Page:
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You may have a strong instinct that you have been treated unfairly, but the Employment Tribunal cannot rely on your instinct. You will need proof.
I’m worried about catching coronavirus, do I have to go to work?"On 23 March, the government said that everyone who can should work from home. You can only go to work if your work ‘absolutely cannot be done from home.’ Even if you are a key worker, you may still be able to work from home. The government has advised that anyone who can should work from home. If you absolutely cannot work from home and your workplace has not shut yet, then you may have no choice but to continue going to work. If you are worried about catching coronavirus, your employer might agree to let you take some time off. For example, your employer could consider letting you have annual leave or unpaid leave, unpaid parental leave, unpaid leave for a carer, a sabbatical or another type of leave. You should remember that your employer has a duty of care to protect your health and safety. If you are pregnant, or someone who is dependant on you, such as a child, a relative who lives with you, or you have an underlying medical condition which means that you or your dependants are vulnerable to coronavirus, then you could make the point that it would be a breach of your contract, specifically, the duty of trust and confidence to compel you to continue working. If you are a disabled person, then your employer is under a duty to make reasonable adjustments under the Equality Act 2010 which could include allowing you time off work during the pandemic.
My employer has said they cannot afford to keep paying me, is there any help available?"If your employer cannot afford to keep paying you (for example because the business has closed), then instead of laying-off employees, your employer can apply to the Coronavirus Job Retention scheme to cover 80% of your wages (up to a maximum of £2,500 per month). You can find out more about this here. The Coronavirus Job Retention Scheme is administered by HMRC and should be up and running within the next few weeks. Payments will be backdated to 1 March 2020 and last for three months, but the government has said it would extend the scheme for longer if necessary. Your employer can top up your pay by 20% if it wants to, although it doesn’t have to. If you are expecting a baby or adopting, then your eligibility for maternity (SMP), paternity (SPP), adoption (SAP), or shared parental pay (ShPP) can be based on these wages if they fall within your calculation period.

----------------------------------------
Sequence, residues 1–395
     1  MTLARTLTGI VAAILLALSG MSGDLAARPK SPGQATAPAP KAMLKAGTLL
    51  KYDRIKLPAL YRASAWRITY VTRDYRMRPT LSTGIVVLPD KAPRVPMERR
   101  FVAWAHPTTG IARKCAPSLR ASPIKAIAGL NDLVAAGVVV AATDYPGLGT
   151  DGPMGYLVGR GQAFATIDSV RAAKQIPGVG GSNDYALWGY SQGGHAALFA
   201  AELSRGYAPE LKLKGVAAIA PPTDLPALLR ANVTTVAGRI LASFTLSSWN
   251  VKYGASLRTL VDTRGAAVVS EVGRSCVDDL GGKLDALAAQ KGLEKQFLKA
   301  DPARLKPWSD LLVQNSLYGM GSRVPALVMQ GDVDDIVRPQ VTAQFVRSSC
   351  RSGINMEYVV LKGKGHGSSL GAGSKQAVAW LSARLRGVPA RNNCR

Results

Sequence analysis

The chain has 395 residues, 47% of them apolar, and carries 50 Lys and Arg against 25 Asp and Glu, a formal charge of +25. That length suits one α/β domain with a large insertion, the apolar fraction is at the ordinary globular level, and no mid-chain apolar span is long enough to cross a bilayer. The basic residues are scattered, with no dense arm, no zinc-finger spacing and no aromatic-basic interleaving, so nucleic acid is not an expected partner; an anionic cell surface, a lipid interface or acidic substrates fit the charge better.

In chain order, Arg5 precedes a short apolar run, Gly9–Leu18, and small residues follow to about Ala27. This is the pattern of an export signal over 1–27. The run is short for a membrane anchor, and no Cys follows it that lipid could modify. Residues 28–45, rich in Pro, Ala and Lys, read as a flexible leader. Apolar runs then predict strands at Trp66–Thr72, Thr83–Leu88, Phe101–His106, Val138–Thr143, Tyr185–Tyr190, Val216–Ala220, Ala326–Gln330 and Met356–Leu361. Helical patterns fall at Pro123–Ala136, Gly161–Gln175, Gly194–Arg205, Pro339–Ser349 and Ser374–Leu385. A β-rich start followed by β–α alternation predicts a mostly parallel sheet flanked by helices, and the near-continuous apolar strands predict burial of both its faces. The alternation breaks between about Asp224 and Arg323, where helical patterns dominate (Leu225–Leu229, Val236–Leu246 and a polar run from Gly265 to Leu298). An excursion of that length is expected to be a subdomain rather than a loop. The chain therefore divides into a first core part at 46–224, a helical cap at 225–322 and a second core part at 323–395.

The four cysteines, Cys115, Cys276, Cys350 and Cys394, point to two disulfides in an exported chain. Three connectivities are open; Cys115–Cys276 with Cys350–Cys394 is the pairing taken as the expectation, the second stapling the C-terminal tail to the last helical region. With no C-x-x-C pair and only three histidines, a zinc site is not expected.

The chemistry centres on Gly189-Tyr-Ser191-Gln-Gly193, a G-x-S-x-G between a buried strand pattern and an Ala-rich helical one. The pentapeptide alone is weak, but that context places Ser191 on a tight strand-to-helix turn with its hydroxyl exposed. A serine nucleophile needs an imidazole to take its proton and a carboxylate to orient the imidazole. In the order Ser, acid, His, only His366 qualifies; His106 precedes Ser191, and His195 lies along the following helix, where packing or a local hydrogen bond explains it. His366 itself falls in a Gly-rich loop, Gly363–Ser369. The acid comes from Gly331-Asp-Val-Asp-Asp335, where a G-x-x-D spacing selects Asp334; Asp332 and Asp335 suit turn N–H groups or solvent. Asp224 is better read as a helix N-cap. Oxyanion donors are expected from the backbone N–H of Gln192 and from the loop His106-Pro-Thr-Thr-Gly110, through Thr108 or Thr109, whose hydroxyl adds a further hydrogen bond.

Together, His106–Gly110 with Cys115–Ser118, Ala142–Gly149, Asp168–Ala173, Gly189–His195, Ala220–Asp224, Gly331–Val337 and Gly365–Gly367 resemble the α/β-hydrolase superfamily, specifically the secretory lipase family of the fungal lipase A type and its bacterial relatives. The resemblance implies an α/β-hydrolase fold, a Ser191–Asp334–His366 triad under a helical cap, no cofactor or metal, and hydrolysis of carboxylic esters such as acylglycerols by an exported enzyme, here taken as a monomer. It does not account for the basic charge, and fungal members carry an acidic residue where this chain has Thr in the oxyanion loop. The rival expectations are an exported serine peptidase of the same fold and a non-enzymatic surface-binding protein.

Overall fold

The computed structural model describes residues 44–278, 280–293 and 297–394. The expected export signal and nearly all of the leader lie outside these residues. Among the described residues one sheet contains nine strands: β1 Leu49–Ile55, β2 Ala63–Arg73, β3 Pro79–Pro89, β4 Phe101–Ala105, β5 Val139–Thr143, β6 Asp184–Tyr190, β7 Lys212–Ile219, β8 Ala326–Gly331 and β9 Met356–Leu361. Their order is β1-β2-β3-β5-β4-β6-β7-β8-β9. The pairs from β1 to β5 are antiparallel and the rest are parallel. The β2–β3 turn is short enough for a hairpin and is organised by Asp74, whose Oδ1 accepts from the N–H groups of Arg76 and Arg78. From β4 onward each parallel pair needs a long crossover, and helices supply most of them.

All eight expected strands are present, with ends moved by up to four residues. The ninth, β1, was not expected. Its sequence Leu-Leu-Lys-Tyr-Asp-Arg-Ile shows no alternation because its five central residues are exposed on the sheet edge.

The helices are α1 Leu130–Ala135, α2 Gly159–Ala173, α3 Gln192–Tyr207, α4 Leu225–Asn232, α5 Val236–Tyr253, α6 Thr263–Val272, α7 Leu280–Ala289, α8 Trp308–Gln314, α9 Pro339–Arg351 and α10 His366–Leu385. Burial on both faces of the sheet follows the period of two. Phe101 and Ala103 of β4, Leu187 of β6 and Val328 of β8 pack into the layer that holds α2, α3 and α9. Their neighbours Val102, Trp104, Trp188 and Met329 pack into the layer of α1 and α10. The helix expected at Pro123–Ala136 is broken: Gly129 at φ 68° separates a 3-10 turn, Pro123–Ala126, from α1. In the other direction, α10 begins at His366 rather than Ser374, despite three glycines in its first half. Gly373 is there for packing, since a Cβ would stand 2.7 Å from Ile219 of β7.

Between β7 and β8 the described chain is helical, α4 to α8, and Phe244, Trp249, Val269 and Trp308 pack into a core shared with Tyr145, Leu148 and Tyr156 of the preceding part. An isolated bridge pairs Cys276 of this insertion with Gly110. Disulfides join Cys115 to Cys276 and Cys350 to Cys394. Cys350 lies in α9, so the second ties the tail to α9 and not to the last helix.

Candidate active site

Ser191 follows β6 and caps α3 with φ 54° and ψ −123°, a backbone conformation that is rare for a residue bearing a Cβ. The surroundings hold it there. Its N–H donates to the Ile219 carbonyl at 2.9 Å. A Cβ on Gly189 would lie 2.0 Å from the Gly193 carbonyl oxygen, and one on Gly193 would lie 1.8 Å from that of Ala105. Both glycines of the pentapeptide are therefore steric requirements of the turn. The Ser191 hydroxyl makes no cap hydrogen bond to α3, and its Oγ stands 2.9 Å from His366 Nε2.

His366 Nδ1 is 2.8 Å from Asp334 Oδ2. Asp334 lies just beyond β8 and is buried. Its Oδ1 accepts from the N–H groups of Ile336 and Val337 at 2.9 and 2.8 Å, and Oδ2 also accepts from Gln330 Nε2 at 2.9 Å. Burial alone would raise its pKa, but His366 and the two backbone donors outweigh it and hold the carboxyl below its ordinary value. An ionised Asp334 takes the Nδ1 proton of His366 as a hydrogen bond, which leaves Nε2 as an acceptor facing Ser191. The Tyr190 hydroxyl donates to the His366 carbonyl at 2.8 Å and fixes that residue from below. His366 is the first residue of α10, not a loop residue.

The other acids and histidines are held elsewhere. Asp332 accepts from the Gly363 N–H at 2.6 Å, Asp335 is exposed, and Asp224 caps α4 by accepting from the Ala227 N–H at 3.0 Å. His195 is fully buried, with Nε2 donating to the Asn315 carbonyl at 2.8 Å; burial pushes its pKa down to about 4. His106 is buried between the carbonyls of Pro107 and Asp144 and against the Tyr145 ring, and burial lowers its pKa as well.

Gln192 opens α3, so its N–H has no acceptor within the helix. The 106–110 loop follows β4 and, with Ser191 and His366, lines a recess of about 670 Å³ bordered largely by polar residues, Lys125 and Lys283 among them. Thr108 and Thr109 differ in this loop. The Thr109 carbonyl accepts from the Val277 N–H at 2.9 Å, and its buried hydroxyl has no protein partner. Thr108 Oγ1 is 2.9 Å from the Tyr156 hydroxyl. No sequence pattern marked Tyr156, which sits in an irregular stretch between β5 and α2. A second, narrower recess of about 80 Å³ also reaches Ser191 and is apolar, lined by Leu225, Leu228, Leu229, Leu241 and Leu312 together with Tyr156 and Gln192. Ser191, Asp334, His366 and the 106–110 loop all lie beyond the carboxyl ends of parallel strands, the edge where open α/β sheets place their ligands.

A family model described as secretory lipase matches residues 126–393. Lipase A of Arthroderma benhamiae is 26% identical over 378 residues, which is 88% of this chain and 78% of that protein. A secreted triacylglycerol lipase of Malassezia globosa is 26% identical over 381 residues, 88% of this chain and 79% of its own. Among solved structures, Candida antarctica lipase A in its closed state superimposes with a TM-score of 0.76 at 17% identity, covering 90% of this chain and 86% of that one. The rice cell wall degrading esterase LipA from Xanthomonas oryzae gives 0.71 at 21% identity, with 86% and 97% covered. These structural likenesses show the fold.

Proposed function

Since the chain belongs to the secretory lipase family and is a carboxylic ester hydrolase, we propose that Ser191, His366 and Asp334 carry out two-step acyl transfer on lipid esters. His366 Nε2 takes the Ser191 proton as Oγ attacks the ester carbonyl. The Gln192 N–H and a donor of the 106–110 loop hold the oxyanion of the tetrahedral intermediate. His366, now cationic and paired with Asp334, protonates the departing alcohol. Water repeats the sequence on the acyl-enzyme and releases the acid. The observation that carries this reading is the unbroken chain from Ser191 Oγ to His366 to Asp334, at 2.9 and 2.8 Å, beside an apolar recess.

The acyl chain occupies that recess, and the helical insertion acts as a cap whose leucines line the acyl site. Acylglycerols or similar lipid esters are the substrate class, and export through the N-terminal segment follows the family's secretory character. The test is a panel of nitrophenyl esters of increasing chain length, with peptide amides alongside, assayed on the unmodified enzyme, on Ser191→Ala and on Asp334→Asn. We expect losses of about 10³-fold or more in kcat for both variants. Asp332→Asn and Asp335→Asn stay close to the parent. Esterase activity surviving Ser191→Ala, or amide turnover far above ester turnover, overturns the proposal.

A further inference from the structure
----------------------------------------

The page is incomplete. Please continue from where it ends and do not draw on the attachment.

What is furlough?Furlough is open to all UK employees who were on a PAYE payroll scheme on 28 February 2020. Under the Coronavirus Job Retention Scheme, furlough is a temporary period of leave for at least 3 months starting from 1 March 2020. During furlough, your employer can claim for 80% of your wages, up to £2,500 a month. Your employer can chose to top up the extra 20% of your salary, but it does not have to. You need to agree to furlough, if you do your employment will continue, but you will be on leave and you cannot carry out any further work while you are on furlough. You can find more information about the Coronavirus Job Retention Scheme here.
I have just left my employment and I’m no longer working, what can I do?"The government have urged employers to do what they can and have agreed to pay 80% of employees wages (up to £2,500 per month) under the Coronavirus Job Retention Scheme. This applies to employees who were on PAYE on 28 February. The government have also confirmed that employees who have already been dismissed due to coronavirus can be re-instated and the period they have not worked can be re-classed as a leave of absence.
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